EVOLUTION OF THE CEMENT MORTAR MICROSTRUCTURE CAUSED BY SALT CRYSTALLIZATION AND WATER FREEZING INVESTIGATED BY MULTICYCLE MERCURY INTRUSION POROSIMETRY
Author(s): Grymin, W., Koniorczyk, M., Konca, P., Marciniak, A. and Gawin, D.
Paper category: Conference
Book title: XIII International Conference on Durability of Building Materials and Components - XIII DBMC
Editor(s): Marco Quattrone, Vanderley M. John
Print ISBN: none
Publication year: 2015
Total Pages: 8
Abstract: The paper presents application of the Multi-cycle Mercury Intrusion Porosimetry for analyzing the evolution of the cement mortar microstructure due to the sodium sulphate crystallization and cyclic water freezing. The influence of the above mentioned degradation processes was investigated for several types of mortar, recipes of which differed with the content of an air-entraining admixture (AEA) and w/c ratio. Cumulative pore volume was measured for two cycles of intrusion-extrusion in order to calculate the contribution of inkbottle type pores. The most severe damage caused by the sodium sulphate crystallization was observed for the mortar without any AEA addition – the pores of diameter 0.2-60μm increased their volume up to 250%. In the samples containing 0.1% and 0.2% of AEA the pores of diameter 0.6-30μm increased their volume up to 155%. After the freeze-thaw cycles, smaller damage of the material microstructure was observed also for the mortars containing AEA. Both the salt crystallization and frost-induced damage have an adverse effect on the mortar microstructure, which can be restrained by the addition of AEA.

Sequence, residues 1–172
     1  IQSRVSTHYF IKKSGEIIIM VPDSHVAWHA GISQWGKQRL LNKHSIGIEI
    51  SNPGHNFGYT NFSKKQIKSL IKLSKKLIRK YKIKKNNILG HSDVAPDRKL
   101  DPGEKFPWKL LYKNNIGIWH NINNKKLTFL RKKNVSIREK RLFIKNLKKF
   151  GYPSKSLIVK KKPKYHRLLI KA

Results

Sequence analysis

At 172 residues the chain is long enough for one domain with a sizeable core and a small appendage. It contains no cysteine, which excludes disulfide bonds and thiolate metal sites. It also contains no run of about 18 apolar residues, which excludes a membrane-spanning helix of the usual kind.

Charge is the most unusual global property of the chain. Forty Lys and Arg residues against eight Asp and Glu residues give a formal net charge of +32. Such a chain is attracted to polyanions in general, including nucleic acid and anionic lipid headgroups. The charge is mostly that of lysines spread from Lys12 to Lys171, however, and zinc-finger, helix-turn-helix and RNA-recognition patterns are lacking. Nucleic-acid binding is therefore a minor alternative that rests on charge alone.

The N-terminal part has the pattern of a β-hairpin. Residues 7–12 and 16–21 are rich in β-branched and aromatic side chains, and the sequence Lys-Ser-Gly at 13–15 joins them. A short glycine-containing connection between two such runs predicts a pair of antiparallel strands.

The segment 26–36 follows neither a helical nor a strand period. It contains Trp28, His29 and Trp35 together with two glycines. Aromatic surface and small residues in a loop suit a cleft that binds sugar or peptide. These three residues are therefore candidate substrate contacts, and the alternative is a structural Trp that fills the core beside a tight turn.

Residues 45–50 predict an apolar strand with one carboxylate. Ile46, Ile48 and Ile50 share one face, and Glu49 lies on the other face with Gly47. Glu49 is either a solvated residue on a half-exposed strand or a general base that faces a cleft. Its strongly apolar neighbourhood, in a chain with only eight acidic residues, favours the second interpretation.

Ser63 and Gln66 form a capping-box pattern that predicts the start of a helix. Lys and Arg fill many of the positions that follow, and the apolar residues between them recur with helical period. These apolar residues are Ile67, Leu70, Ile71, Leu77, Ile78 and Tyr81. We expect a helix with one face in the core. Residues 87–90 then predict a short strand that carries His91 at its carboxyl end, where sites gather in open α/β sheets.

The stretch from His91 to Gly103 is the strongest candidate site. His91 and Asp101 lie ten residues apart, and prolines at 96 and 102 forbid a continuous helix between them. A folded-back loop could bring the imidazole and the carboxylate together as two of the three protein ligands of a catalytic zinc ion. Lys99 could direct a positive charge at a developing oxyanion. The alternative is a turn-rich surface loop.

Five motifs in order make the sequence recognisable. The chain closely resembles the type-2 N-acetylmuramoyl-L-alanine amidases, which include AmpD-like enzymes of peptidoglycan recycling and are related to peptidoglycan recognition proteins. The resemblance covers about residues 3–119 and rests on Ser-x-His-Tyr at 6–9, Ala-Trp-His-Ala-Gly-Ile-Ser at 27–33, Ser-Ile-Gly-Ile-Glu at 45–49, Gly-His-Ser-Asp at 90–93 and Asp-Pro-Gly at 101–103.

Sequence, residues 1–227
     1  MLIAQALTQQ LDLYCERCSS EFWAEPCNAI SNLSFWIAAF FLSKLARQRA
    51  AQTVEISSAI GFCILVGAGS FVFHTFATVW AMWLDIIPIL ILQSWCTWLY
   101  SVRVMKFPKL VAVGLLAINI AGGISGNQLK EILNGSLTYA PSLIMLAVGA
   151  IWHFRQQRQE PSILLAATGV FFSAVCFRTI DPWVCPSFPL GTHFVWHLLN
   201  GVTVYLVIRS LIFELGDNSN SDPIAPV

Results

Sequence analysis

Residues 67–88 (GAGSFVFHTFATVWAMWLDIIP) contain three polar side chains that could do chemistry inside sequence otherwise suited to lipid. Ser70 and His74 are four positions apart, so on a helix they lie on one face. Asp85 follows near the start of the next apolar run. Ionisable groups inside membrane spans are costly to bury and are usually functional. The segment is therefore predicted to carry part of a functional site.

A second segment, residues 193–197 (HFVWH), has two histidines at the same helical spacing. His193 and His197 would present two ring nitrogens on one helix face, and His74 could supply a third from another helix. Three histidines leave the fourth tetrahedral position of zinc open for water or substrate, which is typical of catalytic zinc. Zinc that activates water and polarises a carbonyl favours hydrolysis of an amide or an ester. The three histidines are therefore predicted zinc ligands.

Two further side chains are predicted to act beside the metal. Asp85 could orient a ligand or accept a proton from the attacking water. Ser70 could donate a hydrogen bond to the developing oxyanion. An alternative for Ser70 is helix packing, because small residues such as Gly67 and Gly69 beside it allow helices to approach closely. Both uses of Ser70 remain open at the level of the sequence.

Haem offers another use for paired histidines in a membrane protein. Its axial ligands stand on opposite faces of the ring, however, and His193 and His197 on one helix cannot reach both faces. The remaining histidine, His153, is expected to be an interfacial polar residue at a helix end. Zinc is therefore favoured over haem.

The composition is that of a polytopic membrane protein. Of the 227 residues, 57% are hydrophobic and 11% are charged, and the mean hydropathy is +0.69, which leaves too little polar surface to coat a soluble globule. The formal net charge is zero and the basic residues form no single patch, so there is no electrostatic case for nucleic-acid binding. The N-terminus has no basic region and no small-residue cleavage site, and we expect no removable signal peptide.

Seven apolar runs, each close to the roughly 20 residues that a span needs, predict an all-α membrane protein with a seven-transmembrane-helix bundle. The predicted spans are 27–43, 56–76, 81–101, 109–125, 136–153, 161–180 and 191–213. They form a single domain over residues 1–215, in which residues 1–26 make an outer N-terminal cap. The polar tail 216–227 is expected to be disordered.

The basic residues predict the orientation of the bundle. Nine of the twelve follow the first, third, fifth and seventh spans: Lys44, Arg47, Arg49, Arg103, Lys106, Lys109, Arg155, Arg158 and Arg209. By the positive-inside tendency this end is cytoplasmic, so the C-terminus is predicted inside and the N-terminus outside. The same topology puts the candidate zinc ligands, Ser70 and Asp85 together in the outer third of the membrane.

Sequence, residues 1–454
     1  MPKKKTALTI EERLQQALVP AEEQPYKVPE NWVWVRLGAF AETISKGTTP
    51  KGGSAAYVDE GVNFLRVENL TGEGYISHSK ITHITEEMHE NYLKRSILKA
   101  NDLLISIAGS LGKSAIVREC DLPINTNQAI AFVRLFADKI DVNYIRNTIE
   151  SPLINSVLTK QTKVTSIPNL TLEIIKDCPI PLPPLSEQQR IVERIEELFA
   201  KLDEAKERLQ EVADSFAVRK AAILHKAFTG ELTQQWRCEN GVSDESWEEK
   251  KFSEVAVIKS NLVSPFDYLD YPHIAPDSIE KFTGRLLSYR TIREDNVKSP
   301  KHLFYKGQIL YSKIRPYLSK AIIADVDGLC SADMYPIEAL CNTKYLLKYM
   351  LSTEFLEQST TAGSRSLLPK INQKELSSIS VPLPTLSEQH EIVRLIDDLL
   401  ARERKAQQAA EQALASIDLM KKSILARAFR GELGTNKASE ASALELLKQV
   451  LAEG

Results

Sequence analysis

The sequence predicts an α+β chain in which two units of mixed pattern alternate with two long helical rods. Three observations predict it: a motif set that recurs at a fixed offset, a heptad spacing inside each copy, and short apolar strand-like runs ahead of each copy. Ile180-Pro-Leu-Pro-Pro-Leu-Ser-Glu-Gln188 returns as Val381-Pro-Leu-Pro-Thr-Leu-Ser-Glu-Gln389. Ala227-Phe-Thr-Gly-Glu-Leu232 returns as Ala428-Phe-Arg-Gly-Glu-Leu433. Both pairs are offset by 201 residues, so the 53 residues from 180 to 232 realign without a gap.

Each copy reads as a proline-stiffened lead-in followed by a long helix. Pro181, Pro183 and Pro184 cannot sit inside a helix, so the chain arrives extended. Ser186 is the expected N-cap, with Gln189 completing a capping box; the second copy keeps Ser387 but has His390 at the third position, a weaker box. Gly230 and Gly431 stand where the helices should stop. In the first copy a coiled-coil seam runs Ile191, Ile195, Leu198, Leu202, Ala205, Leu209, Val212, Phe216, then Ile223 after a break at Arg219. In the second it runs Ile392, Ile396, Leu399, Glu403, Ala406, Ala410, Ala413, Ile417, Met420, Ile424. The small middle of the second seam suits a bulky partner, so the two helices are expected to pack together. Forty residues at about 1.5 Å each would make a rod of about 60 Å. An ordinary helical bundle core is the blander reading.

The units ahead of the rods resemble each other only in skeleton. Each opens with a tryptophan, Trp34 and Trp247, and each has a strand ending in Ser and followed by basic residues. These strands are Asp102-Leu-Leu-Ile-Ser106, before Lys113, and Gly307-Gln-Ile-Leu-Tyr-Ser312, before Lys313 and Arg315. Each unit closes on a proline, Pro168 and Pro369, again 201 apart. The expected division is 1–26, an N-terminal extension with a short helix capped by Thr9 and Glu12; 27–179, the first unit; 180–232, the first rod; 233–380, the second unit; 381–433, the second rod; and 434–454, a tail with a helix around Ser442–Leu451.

Online publication: 2015
Publication Type: full_text
Public price (Euros): 0.00
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